The vast majority of artisan cheese is made in Europe and the United States; last year, the two regions produced 81.7% of the world’s cheese. But while the rest of the world may contribute less in terms of quantity, some unexpected countries are currently playing integral roles in the global artisan cheese renaissance. This series profiles a few of these nations and celebrates the dairies that are putting their countries on the (cheese) map. Find part one, on the cheese of India, here, and part two, on the cheeses of Japan, here.
In the United States, the phrase “Mexican cheese” suffers from many false perceptions. It brings to mind the mass-produced, pre-shredded taco-topping bags commonly found in the processed cheese aisle of the supermarket, all of which are made in America (not Mexico!). Secondly, many Americans assume that because of a few cases of food contamination found in Mexican cheeses over the past ten years, all cheeses from Mexico must be of questionable quality, which couldn’t be further from the truth. In addition, a ton of people think that Mexicans only make fresh, cow’s milk cheeses – like queso fresco – while in fact, there are a plethora of distinct regional Mexican cheeses made from all types of milk.
One problem with getting the word out about Mexican cheeses is that many of these small sub-varieties are virtually unknown outside of the country. Because Mexico doesn’t have a “protected designation of origin” label (like Europe) that ensures the specificity and quality of artisanal regional products, it’s difficult to consistently classify Mexican cheeses. However, there is a small Mexican artisanal cheesemaking scene that is working to change that.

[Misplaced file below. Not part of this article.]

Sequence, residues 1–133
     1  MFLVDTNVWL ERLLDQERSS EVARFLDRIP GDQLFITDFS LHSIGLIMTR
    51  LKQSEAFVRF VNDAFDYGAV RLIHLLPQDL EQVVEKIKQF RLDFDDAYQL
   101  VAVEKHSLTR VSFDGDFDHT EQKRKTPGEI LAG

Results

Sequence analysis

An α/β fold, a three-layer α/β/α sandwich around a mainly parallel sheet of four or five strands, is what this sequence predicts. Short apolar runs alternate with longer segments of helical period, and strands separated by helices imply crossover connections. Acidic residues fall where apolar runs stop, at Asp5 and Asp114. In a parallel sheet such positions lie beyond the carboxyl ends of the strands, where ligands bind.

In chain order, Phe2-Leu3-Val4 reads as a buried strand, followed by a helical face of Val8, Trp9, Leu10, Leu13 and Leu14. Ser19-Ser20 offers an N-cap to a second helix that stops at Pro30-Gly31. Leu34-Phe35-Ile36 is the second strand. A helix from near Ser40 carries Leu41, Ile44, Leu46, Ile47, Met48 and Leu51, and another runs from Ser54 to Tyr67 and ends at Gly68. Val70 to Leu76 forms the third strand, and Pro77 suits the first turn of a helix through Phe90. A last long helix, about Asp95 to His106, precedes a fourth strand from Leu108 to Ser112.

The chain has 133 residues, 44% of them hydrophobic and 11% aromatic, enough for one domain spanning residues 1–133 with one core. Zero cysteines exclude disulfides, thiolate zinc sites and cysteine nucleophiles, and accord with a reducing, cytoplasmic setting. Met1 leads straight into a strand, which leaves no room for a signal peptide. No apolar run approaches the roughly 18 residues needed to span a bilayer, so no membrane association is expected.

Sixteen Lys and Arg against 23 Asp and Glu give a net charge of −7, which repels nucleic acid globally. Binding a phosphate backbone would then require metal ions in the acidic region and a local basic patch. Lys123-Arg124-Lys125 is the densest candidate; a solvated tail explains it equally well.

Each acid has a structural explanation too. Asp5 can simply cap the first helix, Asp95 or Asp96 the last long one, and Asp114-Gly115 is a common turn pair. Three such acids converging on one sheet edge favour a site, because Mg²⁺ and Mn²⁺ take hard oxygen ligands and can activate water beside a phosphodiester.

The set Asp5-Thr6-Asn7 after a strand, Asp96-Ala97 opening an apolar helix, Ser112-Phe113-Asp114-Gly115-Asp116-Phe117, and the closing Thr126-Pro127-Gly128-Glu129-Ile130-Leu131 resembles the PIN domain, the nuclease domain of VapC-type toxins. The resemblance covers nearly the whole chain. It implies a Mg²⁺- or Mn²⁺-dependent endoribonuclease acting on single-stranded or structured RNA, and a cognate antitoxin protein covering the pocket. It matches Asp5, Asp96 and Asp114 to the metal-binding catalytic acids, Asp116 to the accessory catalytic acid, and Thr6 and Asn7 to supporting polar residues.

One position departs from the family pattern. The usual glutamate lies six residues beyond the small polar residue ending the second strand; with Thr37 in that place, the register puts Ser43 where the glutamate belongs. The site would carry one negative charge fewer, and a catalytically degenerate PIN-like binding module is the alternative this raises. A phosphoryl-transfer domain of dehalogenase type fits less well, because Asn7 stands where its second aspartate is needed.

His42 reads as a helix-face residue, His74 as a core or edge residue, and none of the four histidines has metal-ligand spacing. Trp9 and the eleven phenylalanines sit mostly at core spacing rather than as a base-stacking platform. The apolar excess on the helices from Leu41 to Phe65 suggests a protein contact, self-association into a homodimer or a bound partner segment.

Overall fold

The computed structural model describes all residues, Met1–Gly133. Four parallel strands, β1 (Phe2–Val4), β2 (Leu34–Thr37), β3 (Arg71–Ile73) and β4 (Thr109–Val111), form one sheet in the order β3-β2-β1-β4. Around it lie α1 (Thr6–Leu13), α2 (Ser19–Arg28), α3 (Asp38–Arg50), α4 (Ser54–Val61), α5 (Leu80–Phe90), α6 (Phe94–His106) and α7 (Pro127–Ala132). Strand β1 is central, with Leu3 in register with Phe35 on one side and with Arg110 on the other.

One dairy that is making waves is Rancho San Josemaría, a relatively young farm (founded in 2007) that is located in Querétaro. Working exclusively with sheep’s milk, they produce a wide variety of cheeses but are best known for their unbelievably smooth Queso Cremoso, which won a silver medal at the 2011 World Cheese Awards. This fresh cheese has a traditional “sheepy,” milky scent and flavor, but is mild and creamy enough to be enjoyed atop sweet biscuits or cinnamon bread.
Another noteworthy Mexican dairy is the storied La Cava de Marcelo in Baja California, which is run by fourth-generation cheesemaker Marcelo Castro. Castro’s grandfather, Pedro Ramonetti, was a Swiss-Italian immigrant who began making cow’s milk cheeses in Mexico in the early 20th century; Castro continues to use some of his recipes to this day. He primarily produces a Queso Real del Castillo (named after the surrounding area) he has named “Ramonetti,” after his great-grandfather. It comes in a few herbed variations and is sold at different ages, ranging from a few days to 3 years old. Queso Real del Castillo is defined as a semi-hard, organic cow’s milk cheese from the region; Castro’s versions are distinct due to the minerality of his soil and the secret methods developed by his great-grandfather.
A third dairy that is putting Mexican cheeses on the international map is Sierra Encantada, a goat dairy outside the city of Huitzilac. Sierra Encantada has won two major awards in recent years: in 2014, owner Regina Olvera took home the prize for Best New Cheese from the World Cheese Awards for her "Sierra Encantada al Aguacate,” and at the 2016 WCAs, she was awarded a Super Gold Medal for her “Flor de Cabra” variety. The Flor de Cabra is a buttery cheese flavored with edible flowers from the state of Morelos, and the honey and orange juice of Huitzilac.
While these cheeses are not yet readily available outside of Mexico, we hope that the mark they’re making on the international scene will expedite their reach to all corners of the globe.